Not long ago, many retailers delivered their in-store revenue generation goals and objectives without much energy directed at the buying experience of consumers. Essentially, average store management, coupled with adequate customer service and merchandising practices, were more than enough to entice customers to buy a company’s products and services. However, the unprecedented economic meltdown has created a savvy consumer and good enough is not good enough any longer as retailers need to change their operating mentality to a more proactive approach, including capable leadership at the store level. Ideally, store managers now need to be adept at dealing with a formidable consumer, optimizing operating efficiency, and energizing their team members—no small task, even for the most progressive retail managers.

Times Have Changed

Without question, the Great Recession has impacted consumers’ attitudes and actions as they try to find more ways to spend less and reduce the need for credit, while at the same time manage their households in an on-going financial crisis. In fact, according to the National Retail Federation, a collaborative study conducted by Deloitte and the Harris Group, “over 40 percent of all American consumers have been directly affected by the recession—lost jobs, pay cuts, or reduced hours.” Sadly, this commentary represents an extraordinary condition which has added a degree of difficulty for consumers trying to run their households and make ends meet.

However, rather than surrendering to this unfortunate situation, many consumers have treated this crisis as more opportunistic than problematic and have re-invented themselves, especially as it applies to their shopping efficiency. A compelling example that underscores how things have changed, is a recent Gallup poll that reported “consumer discretionary spending is currently at the lowest level since 2008 for lower and middle income consumers earning less than $90,000 a year and essentially flat for high income consumers earning over $90,000 a year.”

Not surprisingly, retailers have significant challenges as they compete for the loyalty of consumers. To a large degree, gaining the trust and loyalty of today’s consumer won’t be earned in the corporate conference room, but rather, it needs to be developed by strong leadership and teams of people who possess an unwavering desire and commitment to build customer loyalty at the in-store level. Although most consumers have been cut deep by the affect of the economic tailspin, they have remained tolerant by waiting in long lines due to staff reductions, understanding about thin inventories and not enough clothing and shoes in their sizes, smaller portions at restaurants, and less mall hours of operation.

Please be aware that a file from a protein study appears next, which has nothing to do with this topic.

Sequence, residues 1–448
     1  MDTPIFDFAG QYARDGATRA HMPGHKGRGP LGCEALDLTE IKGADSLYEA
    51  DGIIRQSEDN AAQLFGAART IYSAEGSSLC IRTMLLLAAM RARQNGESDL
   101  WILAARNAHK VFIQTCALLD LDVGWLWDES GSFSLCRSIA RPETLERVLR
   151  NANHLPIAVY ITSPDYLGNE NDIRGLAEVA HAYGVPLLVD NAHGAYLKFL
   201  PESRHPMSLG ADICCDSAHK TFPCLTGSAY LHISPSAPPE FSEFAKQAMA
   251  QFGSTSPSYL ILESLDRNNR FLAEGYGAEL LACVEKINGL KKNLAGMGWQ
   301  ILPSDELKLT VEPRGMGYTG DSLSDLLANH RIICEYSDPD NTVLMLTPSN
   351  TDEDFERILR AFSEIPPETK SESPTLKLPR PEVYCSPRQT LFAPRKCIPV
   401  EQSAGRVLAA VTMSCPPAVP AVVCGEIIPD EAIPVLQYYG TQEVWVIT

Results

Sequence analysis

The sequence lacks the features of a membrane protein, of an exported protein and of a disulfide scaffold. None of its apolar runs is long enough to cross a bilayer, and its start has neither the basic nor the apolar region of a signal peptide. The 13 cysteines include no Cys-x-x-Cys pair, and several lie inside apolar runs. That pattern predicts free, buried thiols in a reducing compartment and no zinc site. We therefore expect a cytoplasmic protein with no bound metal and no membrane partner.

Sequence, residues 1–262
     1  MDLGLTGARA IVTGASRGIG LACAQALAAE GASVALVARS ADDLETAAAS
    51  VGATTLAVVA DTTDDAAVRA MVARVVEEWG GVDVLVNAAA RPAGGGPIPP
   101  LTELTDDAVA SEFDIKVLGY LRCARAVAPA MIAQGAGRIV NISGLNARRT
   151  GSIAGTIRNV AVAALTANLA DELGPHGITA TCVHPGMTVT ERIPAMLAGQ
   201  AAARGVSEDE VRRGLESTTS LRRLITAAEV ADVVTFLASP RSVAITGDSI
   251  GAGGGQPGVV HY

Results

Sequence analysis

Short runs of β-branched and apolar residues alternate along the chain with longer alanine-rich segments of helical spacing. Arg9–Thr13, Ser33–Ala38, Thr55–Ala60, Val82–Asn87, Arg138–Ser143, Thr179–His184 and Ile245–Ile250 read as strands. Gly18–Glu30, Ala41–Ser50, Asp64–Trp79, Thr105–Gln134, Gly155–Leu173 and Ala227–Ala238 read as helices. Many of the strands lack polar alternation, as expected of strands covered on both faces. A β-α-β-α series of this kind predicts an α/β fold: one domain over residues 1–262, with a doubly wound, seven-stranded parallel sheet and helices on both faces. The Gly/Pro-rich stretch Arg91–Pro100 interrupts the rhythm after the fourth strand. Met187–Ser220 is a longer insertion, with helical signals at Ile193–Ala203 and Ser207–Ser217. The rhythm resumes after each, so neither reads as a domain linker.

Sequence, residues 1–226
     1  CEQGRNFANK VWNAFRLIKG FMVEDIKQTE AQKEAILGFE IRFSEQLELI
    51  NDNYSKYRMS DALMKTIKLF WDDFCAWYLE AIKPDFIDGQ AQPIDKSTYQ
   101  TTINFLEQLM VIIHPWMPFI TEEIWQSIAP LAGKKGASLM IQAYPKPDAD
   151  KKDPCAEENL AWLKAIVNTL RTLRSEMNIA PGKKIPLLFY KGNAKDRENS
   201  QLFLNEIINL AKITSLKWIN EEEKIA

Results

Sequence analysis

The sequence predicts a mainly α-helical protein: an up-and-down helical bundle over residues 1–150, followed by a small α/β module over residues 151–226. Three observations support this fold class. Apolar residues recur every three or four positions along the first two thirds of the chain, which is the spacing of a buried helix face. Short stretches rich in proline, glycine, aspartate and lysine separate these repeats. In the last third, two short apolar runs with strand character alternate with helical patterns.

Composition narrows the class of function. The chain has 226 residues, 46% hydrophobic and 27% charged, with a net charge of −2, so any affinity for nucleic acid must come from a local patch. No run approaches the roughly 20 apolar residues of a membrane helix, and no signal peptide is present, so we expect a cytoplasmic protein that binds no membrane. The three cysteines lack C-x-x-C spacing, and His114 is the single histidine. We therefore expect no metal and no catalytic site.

Through it all, consumers now realize that they have more choices and are more likely to be frugal and demanding prior to extending their hard-earned money to just any retailer once they make their buying decisions.

A New Consumer Emerges

In spite of many marketplace changes, today’s consumers have learned many lessons as pointed out by another key statistic from the Deloitte and Harris Group study that indicated “93 percent expect to continue spending cautiously even when the economy returns.” Additionally, the study says that “89 percent feel that they have become more resourceful” and “84 percent have become a lot more precise in what they buy.” Like it or not, these noteworthy points from the study illustrate how consumers have modified their buying habits and clearly are more focused on taking advantage of coupons, changing brands or stores, eating at home more often than dining out, and rationalizing needs over desires. Consequently, reducing spending has made consumers smarter, not disadvantaged, and they have no plan to return to their old way of life when the economy rebounds. As a result, the years of spending beyond their means, being wasteful, and brand loyalty seem to be things of the past.

Furthermore, the change in consumer attitudes and behavior is forcing retailers to re-calibrate how they merchandise, advertise, train team members, and, most importantly, put in place resilient leadership teams at the store level with the capability to attract and retain customers. In the same manner, consumers now pose a formidable challenge for store managers and their teams as these consumers have done their homework and are armed with more knowledge of the products offered by retailers. Meanwhile, the arrival of the internet along with mobile devices provide consumers instantaneous access to a wealth of comparative information to further educate themselves in the marketplace. In fact, many consumers now view the challenge of making good buying decisions as a competitive game which they plan on winning. At a minimum, retailers need to enhance their merchandising practices with a variety of products that stimulates interest in such a way that entices customers to make a purchase.

The truth is, prior store management processes and conventional wisdom need to be replaced with forward-thinking leadership that is able to develop and earn customer loyalty in order to generate repeat business. Equally important, the expectations of consumers are that their buying experience is met with knowledgeable staff members who can extend simple courtesies in their interactions with consumers. These days, retailers that just rely on opening the store doors and waiting at the cash register for customers to buy are embracing a blueprint for failure.